A gated community, the Crystal Beach Tennis & Yacht Club, has gone up on the site of the old amusement park. "Another huge draw is an adults-only community, Ridgeway by the Lake," Ms. Howard says.

Mr. Merrick, who took possession of his new house in mid-October, said that he chose this particular property because it is walking distance to the supervised beach. It's easy for his grown-up son and daughter and their children to come over from Toronto. Though it's a full-time home, "Literally I get a cottage without having to worry about the [grand]children getting into trouble at the lake, because there's a lifeguard," he says.

Water quality can be a persistent problem on Lake Erie, and this past summer there were elevated levels of algae, mostly on the southern U.S. side. "We do have some algae, but 90 per cent of the time the beach is open," Ms. Howard says.

As a gardener, Mr. Merrick says he's also attracted by the longer growing season – at least a full week longer than Toronto's, which makes a difference to what can be grown. He will also travel to a winter property in St. Petersburg, Fla., and says that being closer to the border makes travel there easier, either by air from Buffalo International Airport or by car.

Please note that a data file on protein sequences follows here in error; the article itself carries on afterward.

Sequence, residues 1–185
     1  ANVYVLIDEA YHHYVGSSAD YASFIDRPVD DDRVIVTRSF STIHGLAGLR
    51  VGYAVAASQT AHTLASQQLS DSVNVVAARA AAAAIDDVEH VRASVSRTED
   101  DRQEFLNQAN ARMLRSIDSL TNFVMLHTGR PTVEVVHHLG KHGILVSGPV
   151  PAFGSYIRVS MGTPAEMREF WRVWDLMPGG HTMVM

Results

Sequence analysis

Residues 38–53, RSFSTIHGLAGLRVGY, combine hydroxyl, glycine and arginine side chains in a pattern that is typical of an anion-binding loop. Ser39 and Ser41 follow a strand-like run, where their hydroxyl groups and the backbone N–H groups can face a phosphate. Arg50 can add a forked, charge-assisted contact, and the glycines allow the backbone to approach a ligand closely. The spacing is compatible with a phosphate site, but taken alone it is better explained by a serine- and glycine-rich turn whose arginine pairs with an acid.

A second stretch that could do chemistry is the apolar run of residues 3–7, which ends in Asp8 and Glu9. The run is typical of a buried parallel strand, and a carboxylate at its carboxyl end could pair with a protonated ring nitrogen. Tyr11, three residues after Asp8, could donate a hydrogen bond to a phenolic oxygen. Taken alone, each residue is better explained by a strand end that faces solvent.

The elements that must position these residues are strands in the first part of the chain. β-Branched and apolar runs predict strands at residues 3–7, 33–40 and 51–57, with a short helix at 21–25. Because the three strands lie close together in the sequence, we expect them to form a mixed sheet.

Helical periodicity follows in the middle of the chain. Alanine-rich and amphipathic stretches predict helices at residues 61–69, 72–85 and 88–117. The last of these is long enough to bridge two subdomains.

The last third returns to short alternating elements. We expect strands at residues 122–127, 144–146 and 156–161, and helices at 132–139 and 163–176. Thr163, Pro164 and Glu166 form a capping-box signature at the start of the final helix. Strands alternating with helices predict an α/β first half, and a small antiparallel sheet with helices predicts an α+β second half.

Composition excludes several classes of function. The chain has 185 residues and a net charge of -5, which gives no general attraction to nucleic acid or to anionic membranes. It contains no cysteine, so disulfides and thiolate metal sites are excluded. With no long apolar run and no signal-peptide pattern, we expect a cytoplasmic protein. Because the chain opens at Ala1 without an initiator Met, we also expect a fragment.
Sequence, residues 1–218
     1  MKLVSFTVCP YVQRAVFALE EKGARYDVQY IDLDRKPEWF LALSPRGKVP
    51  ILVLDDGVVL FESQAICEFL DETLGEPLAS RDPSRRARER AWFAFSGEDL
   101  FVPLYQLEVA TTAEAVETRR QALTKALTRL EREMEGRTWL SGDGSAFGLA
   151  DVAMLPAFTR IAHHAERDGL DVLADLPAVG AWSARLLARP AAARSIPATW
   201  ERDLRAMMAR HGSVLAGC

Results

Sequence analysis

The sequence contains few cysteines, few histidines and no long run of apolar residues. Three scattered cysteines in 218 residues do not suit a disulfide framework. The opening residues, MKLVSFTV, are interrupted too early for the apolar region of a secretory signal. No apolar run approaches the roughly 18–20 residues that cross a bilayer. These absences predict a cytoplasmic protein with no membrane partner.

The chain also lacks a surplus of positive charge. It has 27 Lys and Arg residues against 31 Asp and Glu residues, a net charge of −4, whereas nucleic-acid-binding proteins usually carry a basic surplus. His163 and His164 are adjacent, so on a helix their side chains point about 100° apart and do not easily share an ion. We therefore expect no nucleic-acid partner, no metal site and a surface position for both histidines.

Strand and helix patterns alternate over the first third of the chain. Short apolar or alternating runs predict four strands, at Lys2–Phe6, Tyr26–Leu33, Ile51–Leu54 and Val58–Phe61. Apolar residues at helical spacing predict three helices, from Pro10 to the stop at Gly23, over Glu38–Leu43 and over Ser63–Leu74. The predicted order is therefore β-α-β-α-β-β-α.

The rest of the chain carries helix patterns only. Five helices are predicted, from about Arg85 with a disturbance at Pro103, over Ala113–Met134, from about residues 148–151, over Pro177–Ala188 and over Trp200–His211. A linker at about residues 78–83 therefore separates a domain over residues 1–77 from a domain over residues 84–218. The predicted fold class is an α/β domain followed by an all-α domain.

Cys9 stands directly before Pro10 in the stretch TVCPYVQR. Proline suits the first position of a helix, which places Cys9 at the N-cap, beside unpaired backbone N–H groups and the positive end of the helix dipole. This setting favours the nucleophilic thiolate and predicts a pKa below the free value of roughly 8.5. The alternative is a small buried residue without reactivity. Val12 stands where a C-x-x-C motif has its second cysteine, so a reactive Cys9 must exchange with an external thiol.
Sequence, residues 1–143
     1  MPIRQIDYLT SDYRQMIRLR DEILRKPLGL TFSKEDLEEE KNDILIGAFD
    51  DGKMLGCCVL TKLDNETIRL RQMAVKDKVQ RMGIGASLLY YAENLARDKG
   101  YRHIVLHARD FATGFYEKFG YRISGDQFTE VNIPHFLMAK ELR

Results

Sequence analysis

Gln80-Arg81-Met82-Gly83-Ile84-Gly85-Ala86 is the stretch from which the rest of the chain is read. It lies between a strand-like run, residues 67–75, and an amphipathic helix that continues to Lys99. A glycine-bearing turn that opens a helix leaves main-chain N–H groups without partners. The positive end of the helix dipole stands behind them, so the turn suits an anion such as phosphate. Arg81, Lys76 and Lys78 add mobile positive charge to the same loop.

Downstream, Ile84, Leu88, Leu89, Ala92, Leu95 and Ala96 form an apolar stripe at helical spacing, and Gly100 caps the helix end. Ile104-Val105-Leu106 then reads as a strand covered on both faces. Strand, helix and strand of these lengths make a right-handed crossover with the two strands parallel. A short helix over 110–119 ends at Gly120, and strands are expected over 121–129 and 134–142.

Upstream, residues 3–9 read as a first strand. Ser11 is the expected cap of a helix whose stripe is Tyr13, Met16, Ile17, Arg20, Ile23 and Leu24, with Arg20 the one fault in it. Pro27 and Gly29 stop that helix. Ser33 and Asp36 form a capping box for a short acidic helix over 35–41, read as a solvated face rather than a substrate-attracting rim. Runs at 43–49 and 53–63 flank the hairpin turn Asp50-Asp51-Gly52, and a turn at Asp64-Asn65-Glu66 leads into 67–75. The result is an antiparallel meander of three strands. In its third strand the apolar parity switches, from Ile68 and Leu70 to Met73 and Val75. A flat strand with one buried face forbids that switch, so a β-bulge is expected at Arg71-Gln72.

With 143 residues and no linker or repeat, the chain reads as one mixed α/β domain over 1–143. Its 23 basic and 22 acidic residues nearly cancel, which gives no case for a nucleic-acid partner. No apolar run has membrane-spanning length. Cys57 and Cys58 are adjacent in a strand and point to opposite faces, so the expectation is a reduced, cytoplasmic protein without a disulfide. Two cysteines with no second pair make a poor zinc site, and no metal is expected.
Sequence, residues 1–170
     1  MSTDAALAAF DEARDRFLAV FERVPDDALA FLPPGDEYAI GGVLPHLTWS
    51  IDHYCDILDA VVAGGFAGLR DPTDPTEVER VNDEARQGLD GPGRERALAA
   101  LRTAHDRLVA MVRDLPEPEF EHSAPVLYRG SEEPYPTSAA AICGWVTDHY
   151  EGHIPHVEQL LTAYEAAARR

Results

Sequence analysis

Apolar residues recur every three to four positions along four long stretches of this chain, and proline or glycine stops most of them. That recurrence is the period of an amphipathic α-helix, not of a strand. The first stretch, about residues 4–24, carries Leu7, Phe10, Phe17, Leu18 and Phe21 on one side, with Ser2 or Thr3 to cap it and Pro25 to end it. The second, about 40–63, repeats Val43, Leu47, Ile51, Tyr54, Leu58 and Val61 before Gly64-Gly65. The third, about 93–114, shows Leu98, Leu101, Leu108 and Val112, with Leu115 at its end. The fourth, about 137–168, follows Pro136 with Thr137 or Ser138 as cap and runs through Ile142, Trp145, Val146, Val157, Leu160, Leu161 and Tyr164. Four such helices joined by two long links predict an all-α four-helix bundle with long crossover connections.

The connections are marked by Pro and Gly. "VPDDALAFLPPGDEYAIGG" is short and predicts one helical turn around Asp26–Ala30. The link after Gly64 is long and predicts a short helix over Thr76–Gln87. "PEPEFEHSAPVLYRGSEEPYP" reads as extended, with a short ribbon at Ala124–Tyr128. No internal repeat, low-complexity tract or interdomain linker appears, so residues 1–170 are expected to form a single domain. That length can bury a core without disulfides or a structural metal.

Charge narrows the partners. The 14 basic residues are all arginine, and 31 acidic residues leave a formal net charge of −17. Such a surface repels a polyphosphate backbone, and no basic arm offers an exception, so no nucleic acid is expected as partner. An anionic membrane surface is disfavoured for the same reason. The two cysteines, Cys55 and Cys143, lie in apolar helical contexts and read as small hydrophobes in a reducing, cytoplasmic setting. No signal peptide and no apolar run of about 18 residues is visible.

He also likes Ridgeway's "Mayberry feel," as Ms. Howard calls it, and is enthusiastic about its main street arts centre, called the Sanctuary.

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"One thing they are lacking is a major hospital," Mr. Merrick says. A new hospital opened in St. Catharines last year, but a $26.2-million planning process, started in January, is still under way for a new facility to serve south Niagara, including Crystal Beach. It would replace smaller, older facilities in Niagara Falls, Niagara-on-the-Lake, Fort Erie, Welland and Port Colborne. Plans for a new hospital are being welcomed across the south part of the region, but there are also concerns in the different communities that the new facility, whose location is not finalized yet, will be too far from some of the villages and towns.

The job scene in Niagara is tough, and while Mr. Merrick sympathizes, as a retiree this doesn't affect him personally, he says. The area also strikes him as an ideal place for people to start small businesses, he adds.

"There's everything here I could want for the last 15 to 20 years of my life," he says.